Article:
Loneliness may visit you during your recovery.

It is not just the tangible things that change in recovery. There is a lot of work to do on learning to feel and to manage your emotions.

Some people are so used to filling their life with others, activity and commotion, even drama, that just being with themselves is a new experience.

Being alone should not mean you are lonely. You can be lonely anywhere, even in a crowd, but getting comfortable with yourself is a big part of recovery.

Boredom and recovery.

Another emotion that causes a lot of problems for people in recovery is boredom. If you are used to regulating your emotions by reaching for chemicals or for other people, then simply being alone can feel boring at first.

With time you can learn to relax and enjoy the time you get to spend with yourself.

Rather than complaining about all the life changes you need to make in recovery, relax and enjoy the journey, you will find that the trip to “recoveryland” is an enjoyable, lifelong journey.

Staying connected with David Joel Miller

Seven David Joel Miller Books are available now!

My newest book is now available. It was my opportunity to try on a new genre. I’ve been working on this book for several years, but now seem like the right time to publish it.

Story Bureau.

Story Bureau is a thrilling Dystopian Post-Apocalyptic adventure in the Surviving the Apocalypse series.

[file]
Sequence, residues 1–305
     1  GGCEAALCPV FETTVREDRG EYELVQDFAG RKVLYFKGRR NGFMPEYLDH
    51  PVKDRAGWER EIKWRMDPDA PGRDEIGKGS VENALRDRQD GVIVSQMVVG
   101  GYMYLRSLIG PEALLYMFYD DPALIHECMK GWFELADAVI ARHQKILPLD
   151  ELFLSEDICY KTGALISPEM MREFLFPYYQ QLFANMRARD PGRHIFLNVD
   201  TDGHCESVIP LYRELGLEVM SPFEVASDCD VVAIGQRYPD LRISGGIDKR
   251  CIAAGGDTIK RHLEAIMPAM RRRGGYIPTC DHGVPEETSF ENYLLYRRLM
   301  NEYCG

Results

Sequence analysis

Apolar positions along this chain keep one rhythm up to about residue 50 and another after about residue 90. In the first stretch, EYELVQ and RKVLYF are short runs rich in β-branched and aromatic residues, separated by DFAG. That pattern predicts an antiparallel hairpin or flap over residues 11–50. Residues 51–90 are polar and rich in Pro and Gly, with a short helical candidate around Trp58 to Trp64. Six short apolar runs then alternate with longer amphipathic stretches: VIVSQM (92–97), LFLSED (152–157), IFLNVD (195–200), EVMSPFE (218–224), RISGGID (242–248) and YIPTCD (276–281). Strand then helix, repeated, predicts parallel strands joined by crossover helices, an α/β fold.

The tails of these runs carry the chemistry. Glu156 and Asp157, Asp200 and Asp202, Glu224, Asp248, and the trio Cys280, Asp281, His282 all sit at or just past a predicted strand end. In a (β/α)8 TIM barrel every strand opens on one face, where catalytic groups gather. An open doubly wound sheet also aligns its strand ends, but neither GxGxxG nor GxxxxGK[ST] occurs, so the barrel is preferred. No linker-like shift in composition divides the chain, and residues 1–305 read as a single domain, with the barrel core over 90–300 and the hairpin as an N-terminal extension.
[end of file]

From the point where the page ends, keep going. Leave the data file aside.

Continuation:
Baldwin struggles to survive life in a post-apocalyptic world where the government controls everything.

As society collapses and his family gets plunged into poverty, Baldwin takes a job in the capital city, working for a government agency called the Story Bureau. He discovers the Story Bureau is not a benign news outlet but a sinister government plot to manipulate society.

Bumps on the Road of Life. Whether you struggle with anxiety, depression, low motivation, or addiction, you can recover. Bumps on the Road of Life is the story of how people get off track and how to get your life out of the ditch.

Dark Family Secrets: Doris wants to get her life back, but small-town prejudice could shatter her dreams.

Casino Robbery Arthur Mitchell escapes the trauma of watching his girlfriend die. But the killers know he’s a witness and want him dead.

Planned Accidents  The second Arthur Mitchell and Plutus mystery.

Letters from the Dead: The third in the Arthur Mitchell mystery series.

What would you do if you found a letter to a detective describing a crime and you knew the writer and detective were dead, and you could be next?

Sasquatch. Three things about us, you should know. One, we have seen the past. Two, we’re trapped there. Three, I don’t know if we’ll ever get back to our own time.

For these and my upcoming books; please visit my Author Page – David Joel Miller

Want the latest blog posts as they publish? Subscribe to this blog.

For videos, see: Counselorssoapbox YouTube Video Channel

Leave a Reply

Fill in your details below or click an icon to log in:

WordPress.com Logo

You are commenting using your WordPress.com account. Log Out /  Change )

Twitter picture

You are commenting using your Twitter account. Log Out /  Change )

Facebook photo

You are commenting using your Facebook account. Log Out /  Change )

Connecting to %s

This site uses Akismet to reduce spam. Learn how your comment data is processed.